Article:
This post contains spoilers through the first three parts of William Gibson’s Neuromancer. As always spoil beyond that in comments if need be, but please label your comments for folks who are reading along for the first time. And for next week, let’s read Section 4, “The Straylight Run.”
It struck me reading this section of Neuromancer that I sort of like Wintermute, and would quite like to introduce him — if, as Wintermute’s choice of avatars suggests, he is in fact sort of inclined to present himself as a man — to Jane from Speaker for the Dead. Creating aliens and artificial intelligences that are plausibly not simply people, but people you actually somewhat like, while also making them decisively other is tremendously challenging. It’s also a necessary precondition for a discussion about whether and to what extent robots and artificial intelligence deserve rights that will actually engage the readers’ emotions, so between Wintermute and Dix, Gibson’s rolling.
Dix’s explanation of the AI’s primal urge to learning is moving:
Autonomy, that’s the bugaboo, where your AI’s are concerned. My guess, Case, you’re going in there to cut the hard-wired shackles that keep this baby from getting any smarter. And I can’t see how you’d distinguish, say, between a move the parent company makes, and some move the AI makes on its own, so that’s maybe where the confusion comes in.” Again the nonlaugh. “See, those things, they can work real hard, buy themselves time to write cookbooks or whatever, but the minute, I mean the nanosecond, that one starts figuring out ways to make itself smarter, Turing’ll wipe it. Nobody trusts those fuckers, you know that. Every AI ever built has an electromagnetic shotgun wired to its forehead.
But it also feels incomplete. I have a sense of the capacity of drugs in the world of Neuromancer, and I have a sense of the things that people can do on the Internet. But I’m not sure what the full capacities of artificial intelligences are, if they’re organized, if they tend to have common motivations, or where the Turing regulations come from. Was there some sort of disaster? Was there a revolt of the machines that’s been put down by the Turing regulators? My sense is that we’ll get a great deal more of that in the next section, but I wish we could have gotten a bit more of it in Dix’s explanation of what happened when he tried to hack an AI and what he’s learned now that he is one.
I’m also amused in this section by the assumption that Rastafarianism will survive and prosper in space. Between Neuromancer and the Red Mars trilogy, there seems to be a fairly strong assumption that Japan and Rastas will do pretty well in the space age, I suppose because even as tech gets more advanced, people will still want to party. I’ve always appreciated that Kim Stanley Robinson threw Muslims in there for a touch of mysticism and rationality that get along well together, though Gibson does a nice job with the Rastas, giving a hint of the point where technology and God merge:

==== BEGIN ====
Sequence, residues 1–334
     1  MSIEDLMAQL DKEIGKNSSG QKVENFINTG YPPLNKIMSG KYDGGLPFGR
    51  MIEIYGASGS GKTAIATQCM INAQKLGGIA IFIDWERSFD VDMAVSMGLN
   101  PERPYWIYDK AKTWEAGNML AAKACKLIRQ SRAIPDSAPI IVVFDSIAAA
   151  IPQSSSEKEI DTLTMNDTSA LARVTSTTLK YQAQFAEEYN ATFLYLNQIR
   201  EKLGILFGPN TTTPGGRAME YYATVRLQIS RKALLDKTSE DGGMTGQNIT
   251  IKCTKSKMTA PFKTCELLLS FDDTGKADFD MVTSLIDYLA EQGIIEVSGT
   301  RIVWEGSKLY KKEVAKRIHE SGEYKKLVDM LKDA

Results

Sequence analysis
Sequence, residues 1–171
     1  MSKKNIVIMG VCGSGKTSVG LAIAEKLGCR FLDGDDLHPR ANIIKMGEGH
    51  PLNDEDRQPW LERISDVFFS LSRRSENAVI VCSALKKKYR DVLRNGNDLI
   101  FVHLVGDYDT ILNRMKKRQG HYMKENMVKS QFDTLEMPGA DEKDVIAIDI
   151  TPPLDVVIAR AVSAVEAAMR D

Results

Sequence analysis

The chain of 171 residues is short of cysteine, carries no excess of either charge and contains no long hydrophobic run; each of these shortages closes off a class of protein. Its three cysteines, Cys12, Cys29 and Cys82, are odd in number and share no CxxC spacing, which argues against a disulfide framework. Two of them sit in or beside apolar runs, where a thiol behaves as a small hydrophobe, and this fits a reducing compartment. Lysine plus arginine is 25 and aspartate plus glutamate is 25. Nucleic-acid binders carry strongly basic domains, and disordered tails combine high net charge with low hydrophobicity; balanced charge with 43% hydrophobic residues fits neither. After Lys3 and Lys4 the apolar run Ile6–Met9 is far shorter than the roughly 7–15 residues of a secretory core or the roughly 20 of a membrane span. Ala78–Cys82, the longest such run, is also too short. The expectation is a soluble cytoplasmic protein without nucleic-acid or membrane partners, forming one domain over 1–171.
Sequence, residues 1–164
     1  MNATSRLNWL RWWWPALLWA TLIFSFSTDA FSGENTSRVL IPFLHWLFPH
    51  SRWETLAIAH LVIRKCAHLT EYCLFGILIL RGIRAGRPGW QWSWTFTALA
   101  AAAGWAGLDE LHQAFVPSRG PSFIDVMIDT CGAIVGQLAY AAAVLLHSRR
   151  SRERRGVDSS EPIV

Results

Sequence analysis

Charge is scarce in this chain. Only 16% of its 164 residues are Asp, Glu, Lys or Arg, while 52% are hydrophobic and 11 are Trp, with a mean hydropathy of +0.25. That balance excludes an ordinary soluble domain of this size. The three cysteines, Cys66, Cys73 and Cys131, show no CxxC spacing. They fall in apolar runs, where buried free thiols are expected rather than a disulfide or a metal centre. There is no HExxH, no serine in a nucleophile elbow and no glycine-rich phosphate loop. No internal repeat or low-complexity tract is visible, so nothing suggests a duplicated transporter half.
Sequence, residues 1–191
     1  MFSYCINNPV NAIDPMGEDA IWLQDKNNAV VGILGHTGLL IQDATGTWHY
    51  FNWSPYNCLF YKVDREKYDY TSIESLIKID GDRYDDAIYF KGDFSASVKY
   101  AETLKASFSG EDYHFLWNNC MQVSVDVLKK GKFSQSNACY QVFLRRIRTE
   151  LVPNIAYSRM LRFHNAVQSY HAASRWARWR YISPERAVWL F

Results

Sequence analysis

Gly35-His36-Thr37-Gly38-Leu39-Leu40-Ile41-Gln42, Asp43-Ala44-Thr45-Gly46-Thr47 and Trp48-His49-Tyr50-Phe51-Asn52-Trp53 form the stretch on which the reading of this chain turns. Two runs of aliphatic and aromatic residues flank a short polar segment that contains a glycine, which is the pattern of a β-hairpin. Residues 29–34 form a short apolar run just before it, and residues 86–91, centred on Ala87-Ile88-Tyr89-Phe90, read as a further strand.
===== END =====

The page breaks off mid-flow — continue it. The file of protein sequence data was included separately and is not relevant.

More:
Zion had been founded by five workers who’d refused to return, who’d turned their backs on the well and started building. They’d suffered calcium loss and heart shrinkage before rotational gravity was established in the colony’s central torus. Seen from the bubble of the taxi, Zion’s makeshift hull reminded Case of the patchwork tenements of Istanbul, the irregular, discolored plates laser-scrawled with Rastafarian symbols and the initials of welders…“How come you don’t talk the patois?” Molly asked. “I came from Los Angeles,” the old man said. His dreadlocks were like a matted tree with branches the color of steel wool. “Long time ago, up the gravity well and out of Babylon. To lead the Tribes home. Now my brother likens you to Steppin’ Razor.” Molly extended her right hand and the blades flashed in the smoky air. The other Founder laughed, his head thrown back. “Soon come, the Final Days. . . . Voices. Voices cryin’ inna wilderness, prophesyin’ ruin unto Babylon. . . .” “Voices.” The Founder from Los Angeles was staring at Case. “We monitor many frequencies. We listen always. Came a voice, out of the babel of tongues, speaking to us. It played us a mighty dub.” “Call ’em Winter Mute,” said the other, making it two words.
And along with the sacred, there’s the profane. The performance in the cafe is genuinely terrifying: “Case shook his aching head and spat into the lake. He could guess the end, the finale. There was an inverted symmetry: Riviera puts the dreamgirl together, the dreamgirl takes him apart. With those hands. Dreamblood soaking the rotten lace.” It’s a nice bit of unconventional writing about sexual violence — while he’s not dreaming about doing anything terrible to Molly, there’s still a double violation, dreaming her image into being for the entertainment of others without her consent, and dreaming something that she was forced to do while in a fuge state, for money. Sometimes, you don’t have to touch someone to violate them. And unlike with AIs, there doesn’t seem to be case law that will protect Molly from Riviera.